The statue in which the bones of the young Martyr are encased was -- when it first came from the hands of the artist -- far from being a work of art. The figure was uncouth; the face was of a morbid white color; the lips were thick and a grimace was noticeable about the mouth. Unfortunately the ebony case made to contain the statue, a gift of the Bishop of Potenza, was too short, and in consequence the position given to the figure was ungraceful. The case was, notwithstanding, closed and sealed, and the key kept in Naples.

The first change noticeable in the statue, took place almost immediately after the arrival of the Saint's relics in Mugnano. The 29th of September, 1805, was fixed as the day when the urn was to be placed on the altar prepared for it. To the surprise of all present, extraordinary changes were visible in the statue, though the seals were found to be intact and the key had remained, as we have said, all the time in Naples.

The awkward position given to the statue was changed for one more graceful; the color of the countenance became delicate and bright; and the grimace about the mouth gave place to a pleasing smile. The form of the statue had become elegant. The hair, the hands and the position of the arrows were all changed.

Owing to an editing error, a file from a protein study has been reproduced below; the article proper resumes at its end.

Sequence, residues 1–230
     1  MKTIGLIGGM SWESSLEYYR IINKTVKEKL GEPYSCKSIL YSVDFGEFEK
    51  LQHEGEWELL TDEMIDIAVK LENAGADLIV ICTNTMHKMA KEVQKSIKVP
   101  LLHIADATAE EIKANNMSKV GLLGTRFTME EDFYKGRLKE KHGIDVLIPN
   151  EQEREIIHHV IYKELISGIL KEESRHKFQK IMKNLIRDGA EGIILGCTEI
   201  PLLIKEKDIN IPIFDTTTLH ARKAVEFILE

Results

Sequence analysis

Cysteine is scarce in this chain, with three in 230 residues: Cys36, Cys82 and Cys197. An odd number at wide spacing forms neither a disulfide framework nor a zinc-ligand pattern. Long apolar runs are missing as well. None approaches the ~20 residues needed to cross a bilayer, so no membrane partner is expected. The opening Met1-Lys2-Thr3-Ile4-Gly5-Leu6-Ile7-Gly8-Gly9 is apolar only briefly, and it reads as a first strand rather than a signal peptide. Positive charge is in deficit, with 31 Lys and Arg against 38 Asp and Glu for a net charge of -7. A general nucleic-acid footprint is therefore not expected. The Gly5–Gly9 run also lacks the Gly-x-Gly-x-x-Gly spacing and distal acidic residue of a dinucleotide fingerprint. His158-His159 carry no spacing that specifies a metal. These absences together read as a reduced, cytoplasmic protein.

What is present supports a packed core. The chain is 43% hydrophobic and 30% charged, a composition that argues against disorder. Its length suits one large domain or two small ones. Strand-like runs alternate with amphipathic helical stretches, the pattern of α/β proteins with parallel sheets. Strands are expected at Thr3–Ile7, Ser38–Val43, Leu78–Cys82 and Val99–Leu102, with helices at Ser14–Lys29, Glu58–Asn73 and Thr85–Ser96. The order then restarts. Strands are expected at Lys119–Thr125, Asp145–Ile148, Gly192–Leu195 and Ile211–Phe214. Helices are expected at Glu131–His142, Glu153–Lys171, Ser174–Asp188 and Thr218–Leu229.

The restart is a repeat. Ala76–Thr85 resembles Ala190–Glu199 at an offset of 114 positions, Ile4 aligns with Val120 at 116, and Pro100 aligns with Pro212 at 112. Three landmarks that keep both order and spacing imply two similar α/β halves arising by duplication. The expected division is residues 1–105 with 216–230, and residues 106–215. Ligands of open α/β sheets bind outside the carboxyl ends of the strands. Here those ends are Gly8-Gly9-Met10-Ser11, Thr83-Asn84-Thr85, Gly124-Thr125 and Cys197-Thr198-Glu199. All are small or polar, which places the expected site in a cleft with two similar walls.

The next great change took place twenty years after: In 1824 the first case was replaced by one more beautiful. The hair had again changed and was more abundant. The eyes opened several times during the public devotions, and when the statue was placed in the new case, which was nearly a foot longer than the former one, the feet which at first were at some distance from the end, gradually extended themselves so as not to touch the extremity of the case.